Friday, August 11, 2006
Eden, Nine Months On
Where are we now?
Too much to write all at once, so just the basics. My mom and little brother wintered in the love and care of the Bennett family, of Elizabeth and Kenny and Mr. Jack, and daughters Toni Marie and Kailie, and all the huge-hearted people in Swansboro, North Carolina. About four months ago my mom had to return to Pearlington in order to keep her job, which had been held for her through the Herculean efforts of her boss and friend Mr. Simpson.
That's not the only reason she had to return, though. As the rest of the country inevitably turned its eyes from the Gulf and its suffering, she felt more and more isolated each day. A lone little bottle of Katrina mud floating in a sea of tranquility. Misery truly does love company, and she felt the need to go back and blend into the misery and grinding survival of the Gulf, with people who truly knew what she was feeling, thankful for the salvation that was the Bennett family, and strengthened by the time she had had to recuperate and clear her mind.
Strengthened for the fight, she could join with her neighbors and family in rebuilding her homeland. Refusing to give in, refusing to surrender. So for the past four months she and my little brother have been living in a FEMA trailer on her property. It's not nearly as nice as the place the Bennett's donated, but it's good enough for more than 100,000 other survivors. Successive streams of volunteers have trickled through Pearlington, helping her and her neighbors in amazing ways, which I'll go into later.
And where have I been? Why I have neglected this story, even as so much happens, and so much need remains? I ask myself these things every day, and have only a jumble of half answers and excuses.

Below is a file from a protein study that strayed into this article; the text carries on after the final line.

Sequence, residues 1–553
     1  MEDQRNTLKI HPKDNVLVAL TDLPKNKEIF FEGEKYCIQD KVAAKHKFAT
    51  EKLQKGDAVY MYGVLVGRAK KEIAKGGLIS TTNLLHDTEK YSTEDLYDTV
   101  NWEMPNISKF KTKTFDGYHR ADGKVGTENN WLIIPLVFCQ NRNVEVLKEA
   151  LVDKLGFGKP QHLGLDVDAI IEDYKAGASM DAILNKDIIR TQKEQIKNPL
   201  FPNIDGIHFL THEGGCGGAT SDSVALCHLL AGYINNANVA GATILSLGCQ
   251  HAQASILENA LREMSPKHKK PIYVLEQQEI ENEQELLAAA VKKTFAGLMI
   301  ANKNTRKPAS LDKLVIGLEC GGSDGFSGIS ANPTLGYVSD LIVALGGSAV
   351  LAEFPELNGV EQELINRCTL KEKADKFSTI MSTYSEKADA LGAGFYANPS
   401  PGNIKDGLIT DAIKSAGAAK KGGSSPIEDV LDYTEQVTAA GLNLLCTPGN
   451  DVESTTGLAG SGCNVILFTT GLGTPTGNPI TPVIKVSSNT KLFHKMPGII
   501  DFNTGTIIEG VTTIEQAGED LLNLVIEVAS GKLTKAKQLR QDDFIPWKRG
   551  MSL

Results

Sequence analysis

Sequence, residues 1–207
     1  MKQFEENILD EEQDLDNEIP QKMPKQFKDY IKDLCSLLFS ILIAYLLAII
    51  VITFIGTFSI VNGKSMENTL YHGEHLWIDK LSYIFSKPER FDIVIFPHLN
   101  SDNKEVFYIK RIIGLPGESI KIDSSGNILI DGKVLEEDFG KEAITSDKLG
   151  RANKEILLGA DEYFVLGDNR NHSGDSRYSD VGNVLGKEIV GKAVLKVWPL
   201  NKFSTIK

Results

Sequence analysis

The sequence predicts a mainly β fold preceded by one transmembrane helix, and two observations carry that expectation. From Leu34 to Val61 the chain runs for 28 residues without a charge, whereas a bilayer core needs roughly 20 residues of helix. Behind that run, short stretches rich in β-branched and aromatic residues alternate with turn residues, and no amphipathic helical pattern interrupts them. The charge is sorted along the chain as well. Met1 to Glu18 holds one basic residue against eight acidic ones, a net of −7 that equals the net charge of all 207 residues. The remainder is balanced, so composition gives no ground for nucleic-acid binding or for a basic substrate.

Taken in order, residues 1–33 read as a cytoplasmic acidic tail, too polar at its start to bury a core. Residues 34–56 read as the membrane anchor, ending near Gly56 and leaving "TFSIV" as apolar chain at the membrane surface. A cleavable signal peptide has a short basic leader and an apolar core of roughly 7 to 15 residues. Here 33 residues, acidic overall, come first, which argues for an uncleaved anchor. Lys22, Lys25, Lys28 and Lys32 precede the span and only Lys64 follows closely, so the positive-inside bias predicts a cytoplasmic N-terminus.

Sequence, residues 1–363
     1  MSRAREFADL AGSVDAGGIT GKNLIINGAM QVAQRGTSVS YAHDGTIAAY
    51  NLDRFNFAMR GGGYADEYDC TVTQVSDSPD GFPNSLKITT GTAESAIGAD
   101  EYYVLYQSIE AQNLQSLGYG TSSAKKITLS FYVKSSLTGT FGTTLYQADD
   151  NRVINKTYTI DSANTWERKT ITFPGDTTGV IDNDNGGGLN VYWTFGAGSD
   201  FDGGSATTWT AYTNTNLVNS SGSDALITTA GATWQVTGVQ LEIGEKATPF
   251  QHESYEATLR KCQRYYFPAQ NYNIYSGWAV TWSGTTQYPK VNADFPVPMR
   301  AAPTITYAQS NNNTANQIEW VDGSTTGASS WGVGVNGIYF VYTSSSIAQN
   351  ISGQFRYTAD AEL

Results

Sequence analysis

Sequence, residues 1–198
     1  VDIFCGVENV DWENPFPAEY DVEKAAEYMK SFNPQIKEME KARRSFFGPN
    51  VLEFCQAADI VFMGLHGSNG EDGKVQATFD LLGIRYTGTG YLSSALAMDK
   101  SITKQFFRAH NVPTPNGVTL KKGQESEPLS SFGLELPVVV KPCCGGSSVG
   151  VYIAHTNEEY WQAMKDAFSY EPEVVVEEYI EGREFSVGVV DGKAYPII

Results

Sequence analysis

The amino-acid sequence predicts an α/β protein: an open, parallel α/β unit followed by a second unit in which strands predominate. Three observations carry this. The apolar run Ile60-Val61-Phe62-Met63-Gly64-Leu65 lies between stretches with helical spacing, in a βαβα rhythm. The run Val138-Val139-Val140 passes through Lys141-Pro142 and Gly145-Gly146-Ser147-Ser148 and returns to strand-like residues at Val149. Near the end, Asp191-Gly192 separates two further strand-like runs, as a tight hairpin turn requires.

There hasn't been a single day since the storm hit that it hasn't been on my mind. Not a day goes by that I don't worry about my family, and my hometown, and its despairing future, and what I can do to insulate them from it.
I needed to focus on my career, to keep it on track, to make sure I have enough money to be counted in modern America. I knew I'd have a few months to do this while my family was safe in North Carolina, and hurricane season had yet to start. You saw those images one year ago just as I did. You saw poor people drowning in my poor city. You saw working class people having everything taken away in a single day, all along the Gulf. Each dollar I sweat for is one more chance at survival for my family. Each dollar I sweat for makes my family count a little more. How much is enough in this new America? I don't know. How much was enough in Gilded Age America? Because that's where we're headed, and I don't want us left behind again. So I've been hustling.
But it was more than that. I was overloaded. I felt like I couldn't do enough, there wasn't enough time in the day to show all of the pictures, and tell all of the stories. I'm a perfectionist, and if I can't do something justice I don't want to do it at all. I don't want to let it down, I don't want to sully its power. I feel like I couldn't do it all at once, and since I switched the comments into a moderated format to prevent increasing abuse from partisans, I felt like I didn't want to do it at all.
But I didn't quit. I continue to donate my photographs to aid organizations working in the Gulf. I continue to raise donations for relief. I applied for (and unfortunately did not get) a Soros Foundation grant to continue the documentation in the Gulf.
And I'm still not quitting. I'll be back down next week to photograph more, to help in the rebuilding, to donate my work to relief, and just to visit with my family. My heart is there, it's always been.
And always will be.
Posted by clayton cubitt at 11:43 PM